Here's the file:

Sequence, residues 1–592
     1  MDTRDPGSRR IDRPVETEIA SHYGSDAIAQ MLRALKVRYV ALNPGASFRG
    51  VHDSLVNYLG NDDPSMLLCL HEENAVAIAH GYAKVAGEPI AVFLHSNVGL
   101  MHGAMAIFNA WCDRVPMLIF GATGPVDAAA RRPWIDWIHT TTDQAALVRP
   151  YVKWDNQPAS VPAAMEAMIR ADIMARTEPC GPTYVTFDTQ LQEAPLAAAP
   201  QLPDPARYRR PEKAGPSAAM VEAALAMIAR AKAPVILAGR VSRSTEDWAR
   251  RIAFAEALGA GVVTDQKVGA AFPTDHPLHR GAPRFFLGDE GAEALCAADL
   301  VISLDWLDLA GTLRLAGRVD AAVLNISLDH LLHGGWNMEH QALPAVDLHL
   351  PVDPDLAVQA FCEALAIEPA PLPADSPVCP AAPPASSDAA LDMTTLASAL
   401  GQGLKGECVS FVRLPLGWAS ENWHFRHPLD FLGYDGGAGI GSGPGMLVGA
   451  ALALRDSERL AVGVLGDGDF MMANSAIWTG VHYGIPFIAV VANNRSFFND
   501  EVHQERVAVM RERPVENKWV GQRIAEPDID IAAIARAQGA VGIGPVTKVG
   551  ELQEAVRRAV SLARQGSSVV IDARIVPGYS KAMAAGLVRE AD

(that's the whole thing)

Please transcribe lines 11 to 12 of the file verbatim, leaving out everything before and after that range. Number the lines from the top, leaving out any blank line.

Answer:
   451  ALALRDSERL AVGVLGDGDF MMANSAIWTG VHYGIPFIAV VANNRSFFND
   501  EVHQERVAVM RERPVENKWV GQRIAEPDID IAAIARAQGA VGIGPVTKVG